to cleanse one's soul of guilt.
1 . dirty. 17 . contaminated, radioactive. 37 . soil.
Collins Concise English Dictionary © HarperCollins Publishers::
clean /kliːn/ adj
- without dirt or other impurities; unsoiled
- without anything in it or on it: a clean page
- recently washed; fresh
- without extraneous or foreign materials
- without defect, difficulties, or problems
- (of a nuclear weapon) producing little or no radioactive fallout or contamination
- (of a wound, etc) having no pus or other sign of infection
- pure; morally sound
- without objectionable language or obscenity
- thorough or complete: a clean break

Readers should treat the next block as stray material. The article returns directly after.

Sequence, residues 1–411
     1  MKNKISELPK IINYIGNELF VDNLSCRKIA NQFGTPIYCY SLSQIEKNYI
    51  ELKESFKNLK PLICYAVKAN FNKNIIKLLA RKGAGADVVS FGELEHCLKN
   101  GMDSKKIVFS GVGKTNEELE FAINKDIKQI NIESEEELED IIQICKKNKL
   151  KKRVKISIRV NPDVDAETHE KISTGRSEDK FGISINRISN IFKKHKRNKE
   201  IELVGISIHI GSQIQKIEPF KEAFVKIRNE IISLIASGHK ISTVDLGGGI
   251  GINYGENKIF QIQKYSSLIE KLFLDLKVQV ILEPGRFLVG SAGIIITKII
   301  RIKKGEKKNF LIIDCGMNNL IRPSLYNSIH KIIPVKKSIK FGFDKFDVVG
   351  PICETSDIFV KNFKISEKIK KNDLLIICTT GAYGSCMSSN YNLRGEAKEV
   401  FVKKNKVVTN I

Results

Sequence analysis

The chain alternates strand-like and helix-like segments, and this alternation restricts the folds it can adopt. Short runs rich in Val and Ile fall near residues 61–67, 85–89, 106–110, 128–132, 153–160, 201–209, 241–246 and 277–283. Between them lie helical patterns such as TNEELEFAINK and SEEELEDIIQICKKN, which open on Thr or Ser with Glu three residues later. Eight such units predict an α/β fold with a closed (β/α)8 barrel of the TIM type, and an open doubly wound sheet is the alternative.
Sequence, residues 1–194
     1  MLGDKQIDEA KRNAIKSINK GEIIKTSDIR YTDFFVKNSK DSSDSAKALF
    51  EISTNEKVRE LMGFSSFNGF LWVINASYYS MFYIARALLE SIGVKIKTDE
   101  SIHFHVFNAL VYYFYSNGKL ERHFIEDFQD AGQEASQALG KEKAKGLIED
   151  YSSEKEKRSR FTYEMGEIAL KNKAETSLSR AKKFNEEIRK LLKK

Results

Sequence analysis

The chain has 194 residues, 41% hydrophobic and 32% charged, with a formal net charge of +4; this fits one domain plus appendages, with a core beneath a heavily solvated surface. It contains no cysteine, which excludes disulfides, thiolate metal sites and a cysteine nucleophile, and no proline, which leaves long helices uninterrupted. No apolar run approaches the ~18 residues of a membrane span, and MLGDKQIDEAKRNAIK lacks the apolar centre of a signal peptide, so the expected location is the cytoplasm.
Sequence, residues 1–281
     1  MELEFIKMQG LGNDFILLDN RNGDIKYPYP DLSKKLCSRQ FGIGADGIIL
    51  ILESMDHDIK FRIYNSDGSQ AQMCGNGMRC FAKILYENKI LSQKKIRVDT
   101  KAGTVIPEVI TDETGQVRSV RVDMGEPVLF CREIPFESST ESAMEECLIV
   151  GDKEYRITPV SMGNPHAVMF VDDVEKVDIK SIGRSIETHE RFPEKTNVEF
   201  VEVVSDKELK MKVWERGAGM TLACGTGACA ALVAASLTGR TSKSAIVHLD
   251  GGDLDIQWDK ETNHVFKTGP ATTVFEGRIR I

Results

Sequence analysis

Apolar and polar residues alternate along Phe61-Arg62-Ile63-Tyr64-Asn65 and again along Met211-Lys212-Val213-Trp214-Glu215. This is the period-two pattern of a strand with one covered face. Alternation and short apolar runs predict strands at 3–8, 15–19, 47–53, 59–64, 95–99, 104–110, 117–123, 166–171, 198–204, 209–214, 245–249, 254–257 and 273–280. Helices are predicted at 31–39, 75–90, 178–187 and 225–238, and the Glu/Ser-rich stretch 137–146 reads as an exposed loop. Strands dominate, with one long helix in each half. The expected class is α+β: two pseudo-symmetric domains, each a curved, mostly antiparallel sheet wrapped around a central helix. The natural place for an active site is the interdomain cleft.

- dexterous or adroit: a clean throw
- played fairly and without fouls
- simple in design: a ship's clean lines
- causing little turbulence; streamlined
- honourable or respectable
- habitually neat
- (esp of a driving licence) showing or having no record of offences
- slang innocent; not guilty
- not carrying illegal drugs, weapons, etc
- to make or become free of dirt, filth, etc: the stove cleans easily
- (transitive) to remove in making clean: to clean marks off the wall
- (transitive) to prepare (fish, poultry, etc) for cooking: to clean a chicken
- in a clean way; cleanly
- not standard (intensifier): clean forgotten, clean dead
- clean bowled ⇒ bowled by a ball that breaks the wicket without hitting the batsman or his bat
- come clean ⇒ informal to make a revelation or confession
See also clean out
- the act or an instance of cleaning: he gave his shoes a clean
, clean upEtymology: Old English clǣne; related to Old Frisian klēne small, neat, Old High German kleiniˈcleanable adj ˈcleanness n
'cleaning' also found in these entries: